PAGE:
A year ago, we slowly dipped our toe into creating designs with fabrics, embroidery, and crystals. Our second holiday collection of stockings and tree skirts has a rich depth of embellished textures, colors, and patterns. As so often happens in our New York studio, there is a fluid nature of designs from one medium being interpreted in another. The scrolls depicted in the Arabesque Stocking, Tree Skirt, and Pillow are not unlike the patterns we are currently carving on a new pierced-metal tabletop.
Metallic threads are tightly stitched together on the velvet to form the curves, outlined with rows of crystal beads and centered with bezel-set, pear-cut Swarovski crystal stones.
Our iconic Jungle collection of fierce tigers, zebras, and elephants is handsomely depicted in three new pillows. A few weeks ago, you might have read about the very talented designer Shannon on our Facebook page. Her beautiful drawings of animals were the starting point in creating these designs.
Each image is first transferred on to the velvet, completely embroidered, and then re-embroidered with hundreds of crystal beads.
A striking pattern of a gold trellis on deep navy velvet finishes the back of each pillow.
Like our hand-painted figurines, the individual aspect of making each pillow is a time-honored craft that I find very exciting!
Hard to believe it was way back in early spring of 2012 that we started to think about ideas and concepts for this year’s holiday glass ornament collection. Each one of the final 28 ornaments and three tree toppers began with numerous rough sketches, followed by detailed color drawings, before they can be handed over to the glass workshops in Poland. We are very fortunate to work with an amazing group of old-world craftspeople who carve each design in clay to form the molds they will eventually blow the glass into. Each silver-lined glass ornament is then completely hand-painted in luminous colors with delicate tracings of glitter, and hand-set with Swarovski crystals.
I wish I could say that it was those early spring blossoms that inspired the Mille Fiori ornaments. But as so often happens, our current jeweled metal designs were both the inspiration and challenge. The charm of our metal Mille Fiori figurines is in the minute details of each flower, but the challenge was how to capture that with the limitations of glass molds. The finished ornaments are some of my favorites–each one enhanced with thin raised blossoms to further the look of a field of flowers.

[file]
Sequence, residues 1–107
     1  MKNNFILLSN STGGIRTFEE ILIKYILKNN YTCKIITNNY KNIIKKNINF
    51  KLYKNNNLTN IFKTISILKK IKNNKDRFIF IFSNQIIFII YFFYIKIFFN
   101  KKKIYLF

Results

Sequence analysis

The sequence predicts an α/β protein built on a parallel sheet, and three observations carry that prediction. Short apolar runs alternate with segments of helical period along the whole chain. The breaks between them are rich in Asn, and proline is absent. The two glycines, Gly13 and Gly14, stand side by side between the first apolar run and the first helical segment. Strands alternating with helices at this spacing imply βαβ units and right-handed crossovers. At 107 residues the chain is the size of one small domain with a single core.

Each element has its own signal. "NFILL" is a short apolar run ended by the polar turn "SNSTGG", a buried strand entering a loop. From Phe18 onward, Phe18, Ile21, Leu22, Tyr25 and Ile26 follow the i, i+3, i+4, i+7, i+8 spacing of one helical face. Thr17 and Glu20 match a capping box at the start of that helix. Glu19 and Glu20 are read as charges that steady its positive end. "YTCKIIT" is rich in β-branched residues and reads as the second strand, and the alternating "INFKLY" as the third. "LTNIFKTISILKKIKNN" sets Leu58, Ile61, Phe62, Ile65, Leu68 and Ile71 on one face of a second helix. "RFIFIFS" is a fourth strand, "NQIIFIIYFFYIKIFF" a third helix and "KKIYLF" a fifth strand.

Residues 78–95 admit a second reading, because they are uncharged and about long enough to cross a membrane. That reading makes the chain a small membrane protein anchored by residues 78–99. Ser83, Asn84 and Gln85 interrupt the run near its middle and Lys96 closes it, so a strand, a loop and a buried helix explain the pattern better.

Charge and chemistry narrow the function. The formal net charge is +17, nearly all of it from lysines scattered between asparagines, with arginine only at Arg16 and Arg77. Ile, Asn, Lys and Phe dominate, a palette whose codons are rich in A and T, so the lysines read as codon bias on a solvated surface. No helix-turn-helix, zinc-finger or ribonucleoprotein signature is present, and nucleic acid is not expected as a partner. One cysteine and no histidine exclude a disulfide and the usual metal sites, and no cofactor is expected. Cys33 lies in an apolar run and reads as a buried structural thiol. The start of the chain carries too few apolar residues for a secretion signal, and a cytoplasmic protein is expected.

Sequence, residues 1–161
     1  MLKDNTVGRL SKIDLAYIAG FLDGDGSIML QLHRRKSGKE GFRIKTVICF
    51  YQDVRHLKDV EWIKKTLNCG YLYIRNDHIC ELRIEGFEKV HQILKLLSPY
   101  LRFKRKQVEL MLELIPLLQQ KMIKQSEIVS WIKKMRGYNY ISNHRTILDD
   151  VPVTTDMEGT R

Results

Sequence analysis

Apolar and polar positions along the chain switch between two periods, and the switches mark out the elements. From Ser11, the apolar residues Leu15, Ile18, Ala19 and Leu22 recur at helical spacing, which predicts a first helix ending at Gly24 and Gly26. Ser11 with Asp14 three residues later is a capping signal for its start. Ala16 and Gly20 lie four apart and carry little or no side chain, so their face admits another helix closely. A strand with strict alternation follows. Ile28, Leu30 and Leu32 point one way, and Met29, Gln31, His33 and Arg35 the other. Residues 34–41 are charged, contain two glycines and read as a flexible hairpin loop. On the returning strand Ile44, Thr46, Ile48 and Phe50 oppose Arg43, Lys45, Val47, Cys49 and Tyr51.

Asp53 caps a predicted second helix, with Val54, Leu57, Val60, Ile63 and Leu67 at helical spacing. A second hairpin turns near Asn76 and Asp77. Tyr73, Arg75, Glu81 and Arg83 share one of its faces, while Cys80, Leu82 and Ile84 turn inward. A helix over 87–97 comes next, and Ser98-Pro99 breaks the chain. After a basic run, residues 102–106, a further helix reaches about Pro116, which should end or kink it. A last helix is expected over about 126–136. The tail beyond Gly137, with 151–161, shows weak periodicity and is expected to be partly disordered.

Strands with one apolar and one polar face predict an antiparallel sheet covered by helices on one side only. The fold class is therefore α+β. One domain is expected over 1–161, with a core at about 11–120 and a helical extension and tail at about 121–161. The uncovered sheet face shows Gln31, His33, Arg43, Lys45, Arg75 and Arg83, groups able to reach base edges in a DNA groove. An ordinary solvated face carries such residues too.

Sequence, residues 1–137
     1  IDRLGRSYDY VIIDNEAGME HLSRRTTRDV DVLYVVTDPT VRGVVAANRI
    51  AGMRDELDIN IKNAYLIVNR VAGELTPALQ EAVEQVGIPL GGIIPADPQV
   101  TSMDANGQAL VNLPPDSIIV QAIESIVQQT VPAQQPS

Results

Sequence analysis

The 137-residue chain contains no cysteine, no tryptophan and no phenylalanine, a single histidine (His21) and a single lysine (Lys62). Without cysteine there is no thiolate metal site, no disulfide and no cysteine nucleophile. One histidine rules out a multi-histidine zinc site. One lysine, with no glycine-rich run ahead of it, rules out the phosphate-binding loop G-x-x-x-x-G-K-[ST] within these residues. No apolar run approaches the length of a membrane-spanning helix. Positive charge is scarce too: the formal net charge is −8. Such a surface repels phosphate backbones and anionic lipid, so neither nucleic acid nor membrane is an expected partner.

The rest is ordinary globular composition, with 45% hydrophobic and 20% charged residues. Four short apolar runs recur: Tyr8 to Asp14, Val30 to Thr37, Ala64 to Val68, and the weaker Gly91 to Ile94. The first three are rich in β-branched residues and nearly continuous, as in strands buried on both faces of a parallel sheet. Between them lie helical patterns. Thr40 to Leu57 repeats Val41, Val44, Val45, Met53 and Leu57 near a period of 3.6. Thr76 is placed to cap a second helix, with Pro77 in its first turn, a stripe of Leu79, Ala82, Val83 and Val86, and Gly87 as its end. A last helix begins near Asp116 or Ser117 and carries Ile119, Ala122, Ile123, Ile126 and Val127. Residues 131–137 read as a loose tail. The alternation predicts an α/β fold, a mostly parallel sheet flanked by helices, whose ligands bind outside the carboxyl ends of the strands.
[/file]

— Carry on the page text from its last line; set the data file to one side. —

Another challenge this year was to try to create an ornament depicting the holy family in a crèche with animals in the background. Again using our Nativity figurines as the starting point, a magnificent clay model was sculpted with the family on one side and the manger on the other, with a starry night completing the scene.
We save our most whimsical ornaments for the Jubilee grouping: a prancing ostrich with big eyes and layers of necklaces…
…the monkey wearing a sequined vest, who has jumped on a glittery scrolled ornament…
…or the turtle, with his bejeweled shell, who can barely walk with that oversized ornament he is carrying…
…while the gentle tiger is protecting his ornament, patterned like a Russian jeweled egg.
Finally, our iconic Peacock collection has inspired this stunning tree topper, his tail completely swirled with iridescent paint, glitter and crystals. He proudly stands way over a foot tall on a matching display base.
I have only been able to talk about a handful of the new designs here, but there are so many more, each one just as beautiful and created one at a time for you!
- August 2014
- April 2014
- March 2014
- February 2014
- December 2013
- November 2013
- October 2013
- September 2013
- August 2013
- July 2013
- June 2013
- May 2013
- April 2013
- March 2013
- January 2013
- December 2012
- November 2012
- October 2012
- September 2012
- August 2012
- July 2012
- June 2012
- May 2012
- April 2012
- February 2012